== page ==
The cube teapot was invented by Englishman Robert Crawford Johnson (1882–1937), who was responsible for the design and registered "Cube Teapots Ltd" in 1917. He perfected the design, one that did not drip, poured easily, was chip resistant and stacked together for easy storage. With no spout or projecting handle the cube teapot looked exactly as it sounds - a cube.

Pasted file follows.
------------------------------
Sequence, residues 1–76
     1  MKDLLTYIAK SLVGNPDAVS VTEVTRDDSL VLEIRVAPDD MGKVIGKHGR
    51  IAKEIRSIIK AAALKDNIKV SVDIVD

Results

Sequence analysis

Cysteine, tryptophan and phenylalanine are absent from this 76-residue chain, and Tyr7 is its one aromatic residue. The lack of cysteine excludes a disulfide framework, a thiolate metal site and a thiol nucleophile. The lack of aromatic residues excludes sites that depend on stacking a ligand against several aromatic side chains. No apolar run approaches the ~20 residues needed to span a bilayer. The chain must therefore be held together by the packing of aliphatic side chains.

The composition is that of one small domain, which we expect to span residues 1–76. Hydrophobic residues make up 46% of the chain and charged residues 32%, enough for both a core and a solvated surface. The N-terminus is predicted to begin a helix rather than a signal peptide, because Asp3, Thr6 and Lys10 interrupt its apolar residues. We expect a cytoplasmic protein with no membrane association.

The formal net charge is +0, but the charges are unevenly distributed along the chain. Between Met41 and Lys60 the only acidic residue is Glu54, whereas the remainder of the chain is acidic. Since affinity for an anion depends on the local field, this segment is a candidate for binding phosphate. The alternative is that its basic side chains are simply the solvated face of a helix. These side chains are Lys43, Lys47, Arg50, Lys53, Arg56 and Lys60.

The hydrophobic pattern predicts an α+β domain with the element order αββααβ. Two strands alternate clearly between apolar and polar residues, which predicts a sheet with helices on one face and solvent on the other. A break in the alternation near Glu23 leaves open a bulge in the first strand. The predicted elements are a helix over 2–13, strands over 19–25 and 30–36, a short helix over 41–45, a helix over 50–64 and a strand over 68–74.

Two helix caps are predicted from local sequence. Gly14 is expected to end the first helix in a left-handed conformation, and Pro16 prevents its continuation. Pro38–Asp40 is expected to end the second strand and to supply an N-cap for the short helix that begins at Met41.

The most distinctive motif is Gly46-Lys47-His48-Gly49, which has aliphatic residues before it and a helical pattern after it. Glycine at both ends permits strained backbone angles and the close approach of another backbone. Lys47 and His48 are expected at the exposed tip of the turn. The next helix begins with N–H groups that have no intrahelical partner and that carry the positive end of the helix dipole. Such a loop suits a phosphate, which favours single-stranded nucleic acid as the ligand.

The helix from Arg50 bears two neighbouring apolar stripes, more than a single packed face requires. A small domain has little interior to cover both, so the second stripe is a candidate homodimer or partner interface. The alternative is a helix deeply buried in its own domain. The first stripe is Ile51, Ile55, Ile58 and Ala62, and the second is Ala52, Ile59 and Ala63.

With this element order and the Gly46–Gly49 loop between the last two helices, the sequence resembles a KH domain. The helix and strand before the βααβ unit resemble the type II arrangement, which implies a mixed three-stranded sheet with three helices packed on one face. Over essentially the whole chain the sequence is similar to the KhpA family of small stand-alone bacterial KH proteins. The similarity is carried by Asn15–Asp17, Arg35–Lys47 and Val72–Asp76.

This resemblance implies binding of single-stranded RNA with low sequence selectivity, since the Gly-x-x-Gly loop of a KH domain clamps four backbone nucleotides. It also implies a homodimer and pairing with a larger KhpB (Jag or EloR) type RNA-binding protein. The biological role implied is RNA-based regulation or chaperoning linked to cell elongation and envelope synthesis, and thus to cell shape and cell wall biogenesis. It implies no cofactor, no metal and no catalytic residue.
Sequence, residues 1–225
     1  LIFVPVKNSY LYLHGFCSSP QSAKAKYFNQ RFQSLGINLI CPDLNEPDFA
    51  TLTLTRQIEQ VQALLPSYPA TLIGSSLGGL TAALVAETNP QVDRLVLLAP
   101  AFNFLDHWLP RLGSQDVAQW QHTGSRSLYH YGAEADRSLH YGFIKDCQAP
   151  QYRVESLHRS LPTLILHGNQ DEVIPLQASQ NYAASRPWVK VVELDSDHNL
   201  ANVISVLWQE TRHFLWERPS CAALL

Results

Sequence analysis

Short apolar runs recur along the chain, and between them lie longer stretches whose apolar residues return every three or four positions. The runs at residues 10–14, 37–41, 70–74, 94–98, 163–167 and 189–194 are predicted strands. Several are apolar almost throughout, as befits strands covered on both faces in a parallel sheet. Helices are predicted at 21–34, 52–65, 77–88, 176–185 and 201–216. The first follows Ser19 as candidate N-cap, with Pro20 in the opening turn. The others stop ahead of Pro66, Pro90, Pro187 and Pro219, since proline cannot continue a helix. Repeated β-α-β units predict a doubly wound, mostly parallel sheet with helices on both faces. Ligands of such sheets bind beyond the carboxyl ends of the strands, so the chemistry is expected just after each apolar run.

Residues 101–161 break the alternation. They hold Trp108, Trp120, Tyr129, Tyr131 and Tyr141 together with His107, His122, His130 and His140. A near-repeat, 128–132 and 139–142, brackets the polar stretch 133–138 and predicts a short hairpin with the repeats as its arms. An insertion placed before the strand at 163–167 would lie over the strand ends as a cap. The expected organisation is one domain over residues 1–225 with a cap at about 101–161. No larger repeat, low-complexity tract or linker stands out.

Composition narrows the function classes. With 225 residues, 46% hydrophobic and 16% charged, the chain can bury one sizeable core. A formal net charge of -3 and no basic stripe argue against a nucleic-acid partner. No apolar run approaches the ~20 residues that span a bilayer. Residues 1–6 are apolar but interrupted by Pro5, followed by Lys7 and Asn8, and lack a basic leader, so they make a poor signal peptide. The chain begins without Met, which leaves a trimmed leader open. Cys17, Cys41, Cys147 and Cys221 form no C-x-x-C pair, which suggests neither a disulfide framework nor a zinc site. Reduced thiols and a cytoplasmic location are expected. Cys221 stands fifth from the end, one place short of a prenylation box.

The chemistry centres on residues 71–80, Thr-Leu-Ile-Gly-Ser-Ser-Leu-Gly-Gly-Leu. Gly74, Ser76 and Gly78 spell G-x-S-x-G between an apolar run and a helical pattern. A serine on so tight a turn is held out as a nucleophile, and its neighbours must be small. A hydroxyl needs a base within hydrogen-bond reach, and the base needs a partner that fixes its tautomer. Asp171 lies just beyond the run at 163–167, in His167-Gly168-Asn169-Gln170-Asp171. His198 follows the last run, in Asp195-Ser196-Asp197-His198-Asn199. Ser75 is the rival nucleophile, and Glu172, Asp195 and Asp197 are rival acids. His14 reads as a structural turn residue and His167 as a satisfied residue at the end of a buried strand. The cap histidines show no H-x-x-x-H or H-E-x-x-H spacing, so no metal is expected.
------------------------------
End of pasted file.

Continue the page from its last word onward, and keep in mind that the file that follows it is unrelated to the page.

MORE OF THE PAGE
The cube teapot was first put into production in 1920, in earthenware by Arthur Wood of Stoke-on-Trent, England. It was later licensed to other firms including Wedgwood & Co Ltd. and silversmiths Napper and Davenport of Birmingham, whose silver version is in the collection of the Victoria & Albert Museum. It was also produced in T H Green's Cornishware.
Read more about this topic: Robert Crawford Johnson
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